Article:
Thursday, November 02, 2006

A Symbol of hope vs the Hawthorne Effect

Via Joanne Jacobs: Philadelphia Inquirer 10/30/2006 Symbol of hope:

An elementary school in the heart of North Philadelphia has grabbed the national spotlight for dramatically improving its test scores.

The initial jumps were so large the Philadelphia school district verified them by having some students retake the tests.

Over four years, the number of fifth graders scoring at the highest level - advanced - soared from 1.2 percent in math and reading to 42.1 percent in math and 29.8 percent in reading.
I double checked their results and overall they are amazing, but I did notice one thing.

In reading their results improved dramatically from a 12.2% proficiency rate in 2002 to a 72.5% in 2005, but all of the sudden in 2006 they dropped back down to a 47.5%. The same pattern is reflected in math scores.

I have noted this trend in several benchmark schools that I have looked up over my brief blogging career. Could it be that the initial rises in performance are a result of the "Hawthorne effect", and that once a system becomes established there is a leveling out of performance? Unfortunately the article doesn't mention the drop off at all. Perhaps its a statistical blip, maybe there were some changes not mentioned in the article, but its something that I might keep an eye out for in the future.

Update: I found a similar but not quite as dramatic drop off in scores at Amistad Academy of Achievement First.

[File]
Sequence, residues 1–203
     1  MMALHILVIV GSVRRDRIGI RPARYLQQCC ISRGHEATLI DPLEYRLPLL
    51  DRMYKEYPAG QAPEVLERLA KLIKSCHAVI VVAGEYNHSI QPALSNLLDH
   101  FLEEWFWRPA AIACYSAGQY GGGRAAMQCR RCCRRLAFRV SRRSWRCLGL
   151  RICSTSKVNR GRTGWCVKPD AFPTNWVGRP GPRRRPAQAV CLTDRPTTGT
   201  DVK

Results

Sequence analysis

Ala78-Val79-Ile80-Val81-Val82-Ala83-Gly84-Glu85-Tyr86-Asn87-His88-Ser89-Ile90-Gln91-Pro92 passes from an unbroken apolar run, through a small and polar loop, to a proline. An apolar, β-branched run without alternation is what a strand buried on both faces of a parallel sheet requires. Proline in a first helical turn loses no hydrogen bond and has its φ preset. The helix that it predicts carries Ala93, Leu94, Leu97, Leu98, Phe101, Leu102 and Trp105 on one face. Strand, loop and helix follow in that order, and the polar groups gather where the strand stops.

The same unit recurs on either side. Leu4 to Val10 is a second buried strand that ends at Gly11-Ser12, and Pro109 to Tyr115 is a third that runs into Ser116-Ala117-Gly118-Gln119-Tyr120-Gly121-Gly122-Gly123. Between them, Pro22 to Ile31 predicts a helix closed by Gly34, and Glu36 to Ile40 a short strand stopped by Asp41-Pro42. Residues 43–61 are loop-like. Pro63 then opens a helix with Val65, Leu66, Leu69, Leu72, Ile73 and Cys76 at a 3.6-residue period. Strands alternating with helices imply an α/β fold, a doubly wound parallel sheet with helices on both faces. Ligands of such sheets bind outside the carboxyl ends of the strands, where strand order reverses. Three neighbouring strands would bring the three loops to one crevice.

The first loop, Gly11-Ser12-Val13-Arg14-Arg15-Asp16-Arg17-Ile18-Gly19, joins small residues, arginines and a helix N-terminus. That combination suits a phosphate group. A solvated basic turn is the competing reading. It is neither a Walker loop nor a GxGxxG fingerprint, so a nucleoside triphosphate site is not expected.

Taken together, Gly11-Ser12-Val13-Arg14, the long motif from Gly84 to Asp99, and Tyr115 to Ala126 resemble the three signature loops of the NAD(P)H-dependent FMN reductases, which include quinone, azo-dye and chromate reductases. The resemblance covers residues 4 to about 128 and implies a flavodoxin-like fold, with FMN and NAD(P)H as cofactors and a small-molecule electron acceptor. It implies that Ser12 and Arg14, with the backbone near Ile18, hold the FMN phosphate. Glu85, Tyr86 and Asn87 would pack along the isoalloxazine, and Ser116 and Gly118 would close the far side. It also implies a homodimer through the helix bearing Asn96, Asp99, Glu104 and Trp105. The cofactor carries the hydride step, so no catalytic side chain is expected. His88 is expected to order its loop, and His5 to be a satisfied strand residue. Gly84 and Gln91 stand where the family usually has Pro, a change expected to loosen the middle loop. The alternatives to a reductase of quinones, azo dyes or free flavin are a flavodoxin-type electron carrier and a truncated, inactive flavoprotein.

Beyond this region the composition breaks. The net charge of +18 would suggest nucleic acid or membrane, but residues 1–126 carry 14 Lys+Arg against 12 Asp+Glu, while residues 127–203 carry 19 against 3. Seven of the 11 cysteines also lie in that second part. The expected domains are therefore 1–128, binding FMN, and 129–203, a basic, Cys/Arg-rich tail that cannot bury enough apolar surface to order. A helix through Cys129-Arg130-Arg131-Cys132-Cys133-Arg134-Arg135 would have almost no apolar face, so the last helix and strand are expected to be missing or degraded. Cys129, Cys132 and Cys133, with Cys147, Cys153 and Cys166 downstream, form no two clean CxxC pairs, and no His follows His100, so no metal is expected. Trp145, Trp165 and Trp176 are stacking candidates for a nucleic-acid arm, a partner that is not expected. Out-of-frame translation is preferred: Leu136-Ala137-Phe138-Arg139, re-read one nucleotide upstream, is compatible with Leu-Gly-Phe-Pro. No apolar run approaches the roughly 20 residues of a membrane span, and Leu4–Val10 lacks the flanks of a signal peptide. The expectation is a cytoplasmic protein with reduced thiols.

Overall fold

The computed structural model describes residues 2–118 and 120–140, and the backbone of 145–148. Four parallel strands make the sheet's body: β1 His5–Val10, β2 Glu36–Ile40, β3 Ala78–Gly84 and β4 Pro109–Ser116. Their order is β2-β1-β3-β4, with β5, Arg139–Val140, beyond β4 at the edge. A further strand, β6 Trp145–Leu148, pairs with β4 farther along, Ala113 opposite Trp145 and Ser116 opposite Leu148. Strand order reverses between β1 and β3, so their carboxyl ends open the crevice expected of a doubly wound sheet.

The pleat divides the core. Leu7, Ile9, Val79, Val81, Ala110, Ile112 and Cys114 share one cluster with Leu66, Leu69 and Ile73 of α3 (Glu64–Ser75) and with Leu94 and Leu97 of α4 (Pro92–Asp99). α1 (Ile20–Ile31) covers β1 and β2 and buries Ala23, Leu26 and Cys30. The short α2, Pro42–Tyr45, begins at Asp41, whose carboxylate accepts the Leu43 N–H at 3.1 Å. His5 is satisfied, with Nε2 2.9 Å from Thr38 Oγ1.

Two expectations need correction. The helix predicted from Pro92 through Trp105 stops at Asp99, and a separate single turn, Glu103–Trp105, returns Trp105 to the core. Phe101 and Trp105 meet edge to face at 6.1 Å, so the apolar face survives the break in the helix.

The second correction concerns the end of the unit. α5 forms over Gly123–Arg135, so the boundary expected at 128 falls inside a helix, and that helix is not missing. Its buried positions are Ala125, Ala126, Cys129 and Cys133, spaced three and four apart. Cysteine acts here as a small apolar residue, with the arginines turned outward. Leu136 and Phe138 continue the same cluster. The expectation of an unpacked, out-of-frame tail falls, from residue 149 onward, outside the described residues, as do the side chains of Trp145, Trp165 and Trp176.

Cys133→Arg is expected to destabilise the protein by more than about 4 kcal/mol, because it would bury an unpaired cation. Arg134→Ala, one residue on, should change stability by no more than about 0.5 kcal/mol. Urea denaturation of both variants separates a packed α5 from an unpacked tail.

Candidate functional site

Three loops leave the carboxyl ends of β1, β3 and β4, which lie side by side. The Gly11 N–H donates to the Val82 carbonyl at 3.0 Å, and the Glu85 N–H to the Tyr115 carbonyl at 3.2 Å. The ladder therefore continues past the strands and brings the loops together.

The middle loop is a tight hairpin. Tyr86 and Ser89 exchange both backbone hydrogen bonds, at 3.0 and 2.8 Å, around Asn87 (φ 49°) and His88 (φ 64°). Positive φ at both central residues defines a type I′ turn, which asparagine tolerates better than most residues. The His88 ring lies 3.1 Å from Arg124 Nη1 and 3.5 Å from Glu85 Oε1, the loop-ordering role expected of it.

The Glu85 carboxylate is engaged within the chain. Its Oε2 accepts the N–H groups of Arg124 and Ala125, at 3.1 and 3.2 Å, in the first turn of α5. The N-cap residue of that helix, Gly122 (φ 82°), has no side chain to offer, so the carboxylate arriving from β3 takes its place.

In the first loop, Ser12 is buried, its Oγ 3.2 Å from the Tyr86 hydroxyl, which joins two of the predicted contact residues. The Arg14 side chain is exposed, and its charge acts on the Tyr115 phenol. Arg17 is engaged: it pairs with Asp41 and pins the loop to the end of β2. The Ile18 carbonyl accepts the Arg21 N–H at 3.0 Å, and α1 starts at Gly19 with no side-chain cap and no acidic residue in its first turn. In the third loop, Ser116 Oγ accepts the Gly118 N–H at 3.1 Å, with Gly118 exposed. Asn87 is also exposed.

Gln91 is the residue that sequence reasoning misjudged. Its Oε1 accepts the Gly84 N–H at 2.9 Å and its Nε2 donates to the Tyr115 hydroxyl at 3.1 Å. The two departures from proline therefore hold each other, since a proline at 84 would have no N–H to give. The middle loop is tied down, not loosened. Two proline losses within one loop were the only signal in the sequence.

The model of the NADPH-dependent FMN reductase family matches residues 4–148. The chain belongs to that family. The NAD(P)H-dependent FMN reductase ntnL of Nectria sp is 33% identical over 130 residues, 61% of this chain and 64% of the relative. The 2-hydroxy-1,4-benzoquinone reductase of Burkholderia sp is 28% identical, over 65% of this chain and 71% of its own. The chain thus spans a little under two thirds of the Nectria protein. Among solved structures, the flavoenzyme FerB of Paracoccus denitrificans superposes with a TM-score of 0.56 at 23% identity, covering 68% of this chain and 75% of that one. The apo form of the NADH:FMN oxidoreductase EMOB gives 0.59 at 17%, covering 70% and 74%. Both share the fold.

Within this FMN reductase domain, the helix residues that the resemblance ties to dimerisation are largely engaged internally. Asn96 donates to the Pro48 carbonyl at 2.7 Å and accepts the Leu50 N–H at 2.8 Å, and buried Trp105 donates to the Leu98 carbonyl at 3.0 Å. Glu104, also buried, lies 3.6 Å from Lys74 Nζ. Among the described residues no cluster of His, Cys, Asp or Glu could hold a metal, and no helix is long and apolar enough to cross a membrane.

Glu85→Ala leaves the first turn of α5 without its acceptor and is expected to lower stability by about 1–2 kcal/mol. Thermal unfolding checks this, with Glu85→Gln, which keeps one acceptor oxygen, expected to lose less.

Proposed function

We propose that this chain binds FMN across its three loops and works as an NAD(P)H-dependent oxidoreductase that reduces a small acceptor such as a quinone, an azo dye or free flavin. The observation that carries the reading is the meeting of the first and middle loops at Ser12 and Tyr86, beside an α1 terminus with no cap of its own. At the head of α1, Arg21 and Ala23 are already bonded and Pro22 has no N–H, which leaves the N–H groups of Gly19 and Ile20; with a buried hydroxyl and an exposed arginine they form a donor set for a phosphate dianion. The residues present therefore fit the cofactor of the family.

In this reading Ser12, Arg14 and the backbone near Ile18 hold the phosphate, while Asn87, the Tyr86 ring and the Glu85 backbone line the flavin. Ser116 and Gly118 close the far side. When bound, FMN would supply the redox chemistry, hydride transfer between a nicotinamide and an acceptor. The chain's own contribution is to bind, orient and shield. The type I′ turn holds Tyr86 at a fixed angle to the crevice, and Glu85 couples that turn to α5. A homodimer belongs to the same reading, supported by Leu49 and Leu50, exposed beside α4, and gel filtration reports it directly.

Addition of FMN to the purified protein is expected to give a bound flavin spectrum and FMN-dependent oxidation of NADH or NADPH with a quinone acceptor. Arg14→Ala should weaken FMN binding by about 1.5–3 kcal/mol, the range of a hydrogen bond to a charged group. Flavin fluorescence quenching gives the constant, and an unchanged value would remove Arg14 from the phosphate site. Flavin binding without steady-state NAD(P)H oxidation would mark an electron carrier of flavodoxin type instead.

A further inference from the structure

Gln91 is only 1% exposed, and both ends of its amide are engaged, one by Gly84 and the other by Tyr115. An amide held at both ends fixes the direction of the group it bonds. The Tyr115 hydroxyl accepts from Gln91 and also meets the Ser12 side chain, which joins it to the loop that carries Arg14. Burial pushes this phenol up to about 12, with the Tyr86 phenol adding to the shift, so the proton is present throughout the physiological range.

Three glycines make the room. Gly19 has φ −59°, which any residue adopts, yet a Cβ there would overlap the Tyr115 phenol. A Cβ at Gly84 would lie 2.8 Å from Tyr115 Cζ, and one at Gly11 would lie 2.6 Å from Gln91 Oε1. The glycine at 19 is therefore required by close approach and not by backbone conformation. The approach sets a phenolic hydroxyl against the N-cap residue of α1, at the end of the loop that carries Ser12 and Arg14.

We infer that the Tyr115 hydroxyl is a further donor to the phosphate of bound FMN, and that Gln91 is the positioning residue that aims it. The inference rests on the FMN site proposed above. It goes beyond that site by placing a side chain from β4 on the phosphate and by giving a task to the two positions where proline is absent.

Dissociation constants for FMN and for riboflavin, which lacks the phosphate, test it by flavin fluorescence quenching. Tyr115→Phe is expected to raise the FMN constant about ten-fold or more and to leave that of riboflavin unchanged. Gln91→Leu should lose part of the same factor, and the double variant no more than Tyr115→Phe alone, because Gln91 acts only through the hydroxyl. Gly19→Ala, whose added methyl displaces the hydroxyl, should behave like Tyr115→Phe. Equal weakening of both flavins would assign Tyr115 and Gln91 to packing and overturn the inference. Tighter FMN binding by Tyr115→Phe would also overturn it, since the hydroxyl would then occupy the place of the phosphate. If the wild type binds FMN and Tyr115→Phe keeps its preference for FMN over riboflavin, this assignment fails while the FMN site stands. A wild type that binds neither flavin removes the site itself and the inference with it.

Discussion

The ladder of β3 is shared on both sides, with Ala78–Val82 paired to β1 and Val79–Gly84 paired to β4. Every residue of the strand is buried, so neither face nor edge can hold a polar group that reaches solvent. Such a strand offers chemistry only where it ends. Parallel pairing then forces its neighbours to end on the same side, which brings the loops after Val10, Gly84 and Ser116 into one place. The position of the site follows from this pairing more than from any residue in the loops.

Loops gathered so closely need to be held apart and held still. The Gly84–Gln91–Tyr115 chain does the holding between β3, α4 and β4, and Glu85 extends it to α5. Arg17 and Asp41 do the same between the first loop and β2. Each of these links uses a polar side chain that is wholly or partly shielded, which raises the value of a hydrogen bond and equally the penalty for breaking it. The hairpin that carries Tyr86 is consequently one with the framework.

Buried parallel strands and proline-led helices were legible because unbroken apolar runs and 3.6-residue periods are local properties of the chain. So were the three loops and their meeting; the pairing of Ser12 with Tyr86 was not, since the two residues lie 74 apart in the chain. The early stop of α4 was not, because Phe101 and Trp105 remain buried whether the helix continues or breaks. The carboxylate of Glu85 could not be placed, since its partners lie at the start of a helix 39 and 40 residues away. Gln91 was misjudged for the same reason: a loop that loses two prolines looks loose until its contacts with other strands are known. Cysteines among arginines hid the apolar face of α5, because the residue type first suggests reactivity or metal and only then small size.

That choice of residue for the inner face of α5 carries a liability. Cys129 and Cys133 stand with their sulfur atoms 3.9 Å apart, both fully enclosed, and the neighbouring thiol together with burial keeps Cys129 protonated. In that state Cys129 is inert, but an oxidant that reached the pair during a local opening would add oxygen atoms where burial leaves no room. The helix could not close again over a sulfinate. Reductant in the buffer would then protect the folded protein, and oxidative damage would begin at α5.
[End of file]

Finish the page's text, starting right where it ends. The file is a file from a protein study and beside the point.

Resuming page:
2006 scores weren't available, but there was a drop off in 2005 scores from 2004 after several years of improvements.

Are there any studies that look at whether this is a common phenomenon?


rightwingprof said...

The "Hawthorne Effect" is disproven, but one thing I notice is that the scores are from 2002, 2005, and 2006. To see what's going on, you really need to see the scores from 2003-2004; there may very well be fluctuation and that's what we're seeing in the 2006 scores.

I'm just going on what you've reported. I haven't read it.

rory said...

My totally off the wall guess is that the more motivated parents get their kids into these schools when they first open and their kids are more likely to have higher test scores anyway. The initial effects of quality education are then compounded by the self selecting population.

Eventually as the schools become established, they become more accessible to the general population. As more and more average (relative to the targeted population) attend, there will be a drop off of scores.

Thats not to say that the systems don't work and aren't superior to normal public schools. Even with the drop off's there is a substantial improvement from the base scores.

Disclaimer: This is mere conjecture.

rightwingprof said...

Perhaps. What I'm saying, though, is that there may be significant fluctuation in the "missing" years. You'd expect it, at least from a statistical standpoint. Having said that, the difference between 2005 and 2006 does seem suspiciously large, though somebody should run tests on the data to see if it really is a statistically significant difference.